·Don’t have a specific injury you want addressed.
·Would like a treatment that uses soothing, lighter pressure.
Massage professionals often use natural, therapeutic oils to enhance the relaxing aspect of what they do, helping them glide their hands over your skin to make the treatment more soothing. This means, of course, that you generally disrobe and lie on a treatment table, covered by a sheet or blanket. Clients often find that regular weekly or monthly treatments lower their overall stress level and make their body more comfortable on a day-to-day basis.
What is bodywork?
As noted above, it’s true that a bodyworker performs therapeutic treatment methods designed to address and resolve a client’s specific issues or injuries. For example, if you injured your hip running last weekend, the right bodyworker could resolve the pain in a handful of treatments. However, this assumes there is no pathology like torn ligaments or muscles, which leads to the following practical definition of a bodyworker:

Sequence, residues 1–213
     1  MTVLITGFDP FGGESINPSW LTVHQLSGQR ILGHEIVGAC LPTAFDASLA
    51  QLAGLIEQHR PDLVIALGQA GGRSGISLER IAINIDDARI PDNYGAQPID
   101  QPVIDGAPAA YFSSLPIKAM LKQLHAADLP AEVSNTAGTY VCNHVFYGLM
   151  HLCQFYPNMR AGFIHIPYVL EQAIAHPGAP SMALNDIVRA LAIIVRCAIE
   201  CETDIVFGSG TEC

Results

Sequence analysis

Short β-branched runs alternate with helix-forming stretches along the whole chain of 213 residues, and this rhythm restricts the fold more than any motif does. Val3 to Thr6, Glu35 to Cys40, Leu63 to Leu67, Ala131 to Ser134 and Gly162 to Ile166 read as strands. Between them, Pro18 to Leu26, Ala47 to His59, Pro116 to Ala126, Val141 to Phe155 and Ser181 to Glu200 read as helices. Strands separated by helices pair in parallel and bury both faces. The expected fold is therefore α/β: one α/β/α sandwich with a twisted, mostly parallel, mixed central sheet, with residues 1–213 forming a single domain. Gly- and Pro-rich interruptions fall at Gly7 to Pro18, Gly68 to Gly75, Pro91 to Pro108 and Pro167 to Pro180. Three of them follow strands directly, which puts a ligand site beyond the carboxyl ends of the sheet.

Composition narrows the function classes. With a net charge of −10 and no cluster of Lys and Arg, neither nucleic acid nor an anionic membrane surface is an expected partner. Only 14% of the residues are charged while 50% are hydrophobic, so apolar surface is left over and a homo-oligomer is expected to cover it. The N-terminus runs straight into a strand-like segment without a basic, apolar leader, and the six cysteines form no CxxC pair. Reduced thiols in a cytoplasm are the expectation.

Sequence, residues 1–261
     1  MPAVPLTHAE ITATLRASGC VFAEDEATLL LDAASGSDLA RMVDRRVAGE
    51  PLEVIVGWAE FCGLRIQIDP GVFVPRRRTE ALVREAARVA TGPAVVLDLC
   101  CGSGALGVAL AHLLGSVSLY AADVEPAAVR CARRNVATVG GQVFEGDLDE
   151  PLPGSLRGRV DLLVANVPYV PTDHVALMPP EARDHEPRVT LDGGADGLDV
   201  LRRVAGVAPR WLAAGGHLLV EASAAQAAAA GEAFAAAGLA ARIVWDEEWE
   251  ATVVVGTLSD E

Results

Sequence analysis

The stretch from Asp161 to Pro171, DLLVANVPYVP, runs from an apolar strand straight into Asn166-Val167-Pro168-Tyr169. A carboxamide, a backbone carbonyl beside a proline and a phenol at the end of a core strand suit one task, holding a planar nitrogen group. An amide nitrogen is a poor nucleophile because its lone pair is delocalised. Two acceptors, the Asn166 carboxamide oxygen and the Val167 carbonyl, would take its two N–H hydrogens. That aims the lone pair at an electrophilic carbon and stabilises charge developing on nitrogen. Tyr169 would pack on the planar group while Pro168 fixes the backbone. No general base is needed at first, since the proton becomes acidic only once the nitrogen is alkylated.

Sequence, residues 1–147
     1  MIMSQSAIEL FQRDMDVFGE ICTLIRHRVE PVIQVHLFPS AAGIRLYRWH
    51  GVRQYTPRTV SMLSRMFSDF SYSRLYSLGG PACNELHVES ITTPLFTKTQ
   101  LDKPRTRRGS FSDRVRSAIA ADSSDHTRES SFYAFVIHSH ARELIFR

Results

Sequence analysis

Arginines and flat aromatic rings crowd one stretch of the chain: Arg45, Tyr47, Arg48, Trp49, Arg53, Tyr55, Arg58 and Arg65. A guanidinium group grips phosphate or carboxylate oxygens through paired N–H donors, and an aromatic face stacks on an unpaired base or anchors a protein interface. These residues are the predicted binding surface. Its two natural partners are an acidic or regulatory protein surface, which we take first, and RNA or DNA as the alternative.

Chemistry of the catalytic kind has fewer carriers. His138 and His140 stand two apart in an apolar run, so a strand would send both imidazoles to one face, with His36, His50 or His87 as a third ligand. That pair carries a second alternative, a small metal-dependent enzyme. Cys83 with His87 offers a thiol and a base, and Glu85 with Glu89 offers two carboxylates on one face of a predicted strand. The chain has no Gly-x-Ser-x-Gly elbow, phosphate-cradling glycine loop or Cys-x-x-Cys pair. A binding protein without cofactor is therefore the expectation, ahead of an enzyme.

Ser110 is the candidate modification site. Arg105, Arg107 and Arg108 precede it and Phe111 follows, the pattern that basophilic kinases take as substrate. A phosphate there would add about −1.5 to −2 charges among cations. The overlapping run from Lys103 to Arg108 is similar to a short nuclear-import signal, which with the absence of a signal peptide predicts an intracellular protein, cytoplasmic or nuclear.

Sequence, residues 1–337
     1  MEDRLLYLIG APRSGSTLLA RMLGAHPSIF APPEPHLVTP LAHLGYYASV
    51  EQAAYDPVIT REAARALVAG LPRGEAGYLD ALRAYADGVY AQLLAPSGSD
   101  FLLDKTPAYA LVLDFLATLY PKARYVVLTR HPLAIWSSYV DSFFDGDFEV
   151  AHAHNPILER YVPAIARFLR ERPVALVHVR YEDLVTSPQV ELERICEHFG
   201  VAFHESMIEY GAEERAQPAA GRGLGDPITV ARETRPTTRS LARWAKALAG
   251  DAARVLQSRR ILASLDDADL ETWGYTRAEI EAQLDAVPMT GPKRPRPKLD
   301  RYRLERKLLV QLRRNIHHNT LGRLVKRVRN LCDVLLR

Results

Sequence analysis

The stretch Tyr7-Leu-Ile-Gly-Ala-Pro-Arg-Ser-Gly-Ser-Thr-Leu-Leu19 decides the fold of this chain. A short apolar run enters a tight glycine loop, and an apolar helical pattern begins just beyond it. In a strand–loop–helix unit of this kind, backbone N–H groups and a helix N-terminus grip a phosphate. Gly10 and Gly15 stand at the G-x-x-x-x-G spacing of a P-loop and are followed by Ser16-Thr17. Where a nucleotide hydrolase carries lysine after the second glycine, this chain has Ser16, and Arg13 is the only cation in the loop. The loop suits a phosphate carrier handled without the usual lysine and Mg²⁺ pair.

1. Addresses structural conditions using clinical manual therapy skills (e.g. deep tissue, trigger point, myofascial release) designed to manipulate the body’s tissues in order to resolve a specific problem.
2. Communicates with the client and other health professionals in order to assist the rehabilitation process. (e.g. charting, writing summary of findings using anatomical landmarks so others can see what happened and what needs to occur for rehabilitation to take place.)
3. Has sufficient assessment skills to quickly detect if there are issues outside their scope of practice and can refer to qualified professionals.
In addition, there are two main ethical aspects of qualified bodyworker:
1. Performs sufficient intake to determine appropriateness of accepting you as a client.
2. After treatment process begins, can determine what part of condition is treatable within their scope of practice, and which part (if any) requires appropriate referral. Often, successful rehabilitation requires a team approach, and an ethical practitioner will help you chart the most direct path from injured to well.
In addition to these criteria, look for some variation of the “Three-and-Out” rule. If a client is not experiencing noticeable improvement after three treatments, there may be another issue outside one’s area of expertise which needs addressing first. This highlights the importance of point 2 above. If the practitioner starts giving you a pep talk about how “these things take time” in order to justify a long series of treatments, you may have to reconsider whether the person is qualified to help your condition.
Differences in results